Best Tour de France article for summary purposes:
Ah, cycling, farewell; let’s just go ride a bike.
brian stouder said on July 26, 2007 at 10:15 am
I’ve never seen a John Wayne lamp, have you?
Nope – but I have occasionally seen those jumbo-sized, framed, velvet portraits of Elvis (and Marilyn) that people sell out of their vans, on vacant lots. I bet iconography of the Duke pops up in those places, too.
btw – Garry Wills book on Lincoln at Gettysburg (maybe 12 or 14 years ago) was very good stuff; it was the first thing I read that really analyzed Lincoln’s incisive (and altogether lyrical) writing style, including a fascinating look at his revisions. A new (and masterful) book on the subject of Lincoln’s writing style and his never-ending revision process, and his love (and I mean LOVE!!) of commas, is Lincoln’s Sword : The Presidency and the Power of Words by Douglas Wilson.
A marvelous book – informative, funny, and absorbing; plus, Wilson has come to the Lincoln Museum a few times, and he is an engaging speaker and a gracious conversationalist
(PS – I have edited this post three times now – removing annoying typos. So – any errors remaining are beyond my ability to recognize)
alex said on July 26, 2007 at 10:56 am
If Timmy’s planning a run for office, I’m not sure what it would be or where, because he appears to be sucking up to the old fart demographic that I call Sansabelt Conservative. You know the type. The sort of beige-haired bluenose bitches who call up the newspaper and cuss out the managing editor for allowing words like “hell” to get into print.
Maybe he’s auditioning to be the next Peggy Noonan, just thirty years too late.
Danny said on July 26, 2007 at 11:52 am
Jeff. So true. Just throw a leg over and get out there and ride.
Though I follow sports as entertainment, I really don’t consider myself as much a fan (as in fanatic) as an interested spectator. For me, it’s always been more about participation and having fun. No professional sports debacle can ever take that from someone.
colleen said on July 26, 2007 at 12:06 pm
OH Alex, I love you.
They are the same people who write into The Rant. They want to smoke everywhere, park for free, eat out without tipping and for things to ALWAYS STAY THE SAME.
Speaking of which….what year is it in Tim G’s world?
Julie Robinson said on July 26, 2007 at 12:23 pm
Well, Mark Souder has to retire sometime, doesn’t he? Although Timmy may think he’s above being a representative, since he’s been working in the White House.
And there have actually been letters to the editor stating that our boys are dying over there in Iraq so that they have the right to smoke at home. Huh?
The other problem with sports and drugs is that so many kids are trying to earn college scholarships. They no longer want to play multi-sports; they focus on just one year around. And who can blame them, college costs are unreal these days. (We have one in college and one in grad school, though we are not paying for that.) In both my kids’ classes, there were several mediocre students who received college money for sports, while the salutatorian was struggling to get an academic scholarship. Where are our priorities?
Stepping down from the soapbox now.
Kim said on July 26, 2007 at 1:25 pm
Oh, Timmy! All those freakin’ commas are making me dizzy! Shorten your sentences.
Seriously, is this guy taking a 100-level film criticism correspondence course? It reads like it’s been ripped from a C-minus/D-plus paper.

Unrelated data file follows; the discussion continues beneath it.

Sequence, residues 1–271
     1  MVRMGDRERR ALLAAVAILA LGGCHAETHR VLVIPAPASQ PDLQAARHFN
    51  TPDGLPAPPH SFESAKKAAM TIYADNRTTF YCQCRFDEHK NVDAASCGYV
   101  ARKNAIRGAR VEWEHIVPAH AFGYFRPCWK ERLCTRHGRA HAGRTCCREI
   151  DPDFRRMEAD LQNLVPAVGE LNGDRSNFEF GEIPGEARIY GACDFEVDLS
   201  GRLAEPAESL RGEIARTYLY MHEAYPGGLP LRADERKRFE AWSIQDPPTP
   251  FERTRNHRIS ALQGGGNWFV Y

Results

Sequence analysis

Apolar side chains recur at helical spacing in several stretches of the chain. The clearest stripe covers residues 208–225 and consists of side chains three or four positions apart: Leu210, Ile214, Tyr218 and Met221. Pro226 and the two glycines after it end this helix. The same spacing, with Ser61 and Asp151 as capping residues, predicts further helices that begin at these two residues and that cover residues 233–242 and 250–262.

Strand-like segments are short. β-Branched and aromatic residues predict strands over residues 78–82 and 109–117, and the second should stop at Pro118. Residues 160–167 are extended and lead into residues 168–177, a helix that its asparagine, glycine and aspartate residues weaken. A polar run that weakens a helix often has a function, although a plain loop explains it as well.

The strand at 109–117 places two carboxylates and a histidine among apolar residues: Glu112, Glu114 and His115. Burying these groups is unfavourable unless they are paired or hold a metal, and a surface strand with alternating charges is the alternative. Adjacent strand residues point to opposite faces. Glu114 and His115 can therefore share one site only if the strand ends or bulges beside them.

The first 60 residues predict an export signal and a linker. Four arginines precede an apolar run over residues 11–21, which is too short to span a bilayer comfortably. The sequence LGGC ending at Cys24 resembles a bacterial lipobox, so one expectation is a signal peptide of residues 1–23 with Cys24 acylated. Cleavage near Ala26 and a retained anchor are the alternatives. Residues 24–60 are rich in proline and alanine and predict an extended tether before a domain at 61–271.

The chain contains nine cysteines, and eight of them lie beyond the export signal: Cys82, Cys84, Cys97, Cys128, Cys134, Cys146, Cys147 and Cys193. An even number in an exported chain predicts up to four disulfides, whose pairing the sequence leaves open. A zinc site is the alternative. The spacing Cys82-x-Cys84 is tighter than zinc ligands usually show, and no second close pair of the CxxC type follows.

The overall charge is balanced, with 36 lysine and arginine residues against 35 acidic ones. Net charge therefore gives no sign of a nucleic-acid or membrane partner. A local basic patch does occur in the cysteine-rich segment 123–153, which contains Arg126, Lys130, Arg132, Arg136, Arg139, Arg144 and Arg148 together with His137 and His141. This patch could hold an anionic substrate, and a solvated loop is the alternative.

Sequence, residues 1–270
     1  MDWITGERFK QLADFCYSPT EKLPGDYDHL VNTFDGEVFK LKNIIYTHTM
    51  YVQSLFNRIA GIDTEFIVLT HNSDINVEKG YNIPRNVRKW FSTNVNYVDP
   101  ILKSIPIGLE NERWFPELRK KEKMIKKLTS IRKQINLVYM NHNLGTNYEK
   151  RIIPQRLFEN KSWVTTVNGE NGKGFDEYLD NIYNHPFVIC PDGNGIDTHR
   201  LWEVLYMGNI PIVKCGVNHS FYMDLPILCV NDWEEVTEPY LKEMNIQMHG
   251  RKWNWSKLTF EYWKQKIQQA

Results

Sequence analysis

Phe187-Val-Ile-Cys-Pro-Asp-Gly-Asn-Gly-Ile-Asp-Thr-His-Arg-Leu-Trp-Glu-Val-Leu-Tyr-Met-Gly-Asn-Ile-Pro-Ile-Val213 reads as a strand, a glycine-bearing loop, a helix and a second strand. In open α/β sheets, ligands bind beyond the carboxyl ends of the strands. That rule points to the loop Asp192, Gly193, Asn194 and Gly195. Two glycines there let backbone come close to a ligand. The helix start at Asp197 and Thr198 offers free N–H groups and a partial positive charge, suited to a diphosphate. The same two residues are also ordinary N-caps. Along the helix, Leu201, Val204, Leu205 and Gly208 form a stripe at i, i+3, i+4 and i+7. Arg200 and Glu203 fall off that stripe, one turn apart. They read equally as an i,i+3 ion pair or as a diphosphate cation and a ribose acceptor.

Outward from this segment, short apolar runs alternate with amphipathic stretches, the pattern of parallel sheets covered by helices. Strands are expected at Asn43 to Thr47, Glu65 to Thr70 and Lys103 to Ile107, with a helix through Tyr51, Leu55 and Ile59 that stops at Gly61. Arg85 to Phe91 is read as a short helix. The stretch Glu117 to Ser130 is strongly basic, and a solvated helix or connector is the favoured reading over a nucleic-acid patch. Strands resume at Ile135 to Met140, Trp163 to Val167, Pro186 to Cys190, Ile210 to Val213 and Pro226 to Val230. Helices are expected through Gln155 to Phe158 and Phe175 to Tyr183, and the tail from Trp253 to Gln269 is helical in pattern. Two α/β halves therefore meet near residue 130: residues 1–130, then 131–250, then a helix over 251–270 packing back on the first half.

czucky Dimes said on July 26, 2007 at 7:33 pm
I urge all who are even only vaguely interested in the career and life of John Wayne to read Garry Wills’ absolutely excellent bio of him, and when done with that one, find a copy of “An Empire of Their Own–How The Jews Invented Hollywood”, by Neal Gabler. Both profoundly influenced my understanding of film entertainment and also the world. Brian Stouder, in particular, I believe will very much like the Wayne book.
brian stouder said on July 26, 2007 at 7:56 pm
I shall take your advice, and seek out Wills’ Wayne book
Jim said on July 26, 2007 at 8:00 pm
Tim Goeglein is full of himself and always has been. Do any of you remember his own five-minute newscast on channel 55 back when he was about 13?
Tom said on July 27, 2007 at 1:04 pm
Dick Pound may be an impressive speaker, but I think that he’s hurt the antidoping movement simply by seeming to refuse to believe that anyone is clean. This is most noticeable in Armstrong’s case; Lance was the most-tested athlete in the world during his Tour career (in his autobiographies, he mentions having to give samples during a wedding reception and when he was literally heading out the door to take his wife to the hospital to deliver twins), and I would think that his passing the tests that have caught others would count for something, but Pound’s POV seems to be that, even if you pass the tests, you’re still doping.
Pound has many remarkable accomplishments as an attorney, but that sort of adversarial approach to dealing with athletes reminds me a bit of prosecutors who refuse to admit that they may have made a mistake in convicting people who are later exonerated by DNA evidence.
Linda said on July 27, 2007 at 8:43 pm
Re: Changing bodies. The most obvious thing you notice nowadays is teeth. They’re so much better than they used to be, it’s distracting. Even in tv and movies set in modern times, you will see characters that are supposed to be in the middle of a war, gritty and filthy, with dazzling white, perfect smiles. The authenticity of the shot is lost every time someone opens their mouth.
Dave said on July 28, 2007 at 2:55 pm
Linda, I remember our columnist, Nancy, making that very point about teeth a good number of years ago when commenting about the Indians in DANCES WITH WOLVES. I believe it was in her actual column in the N-S days.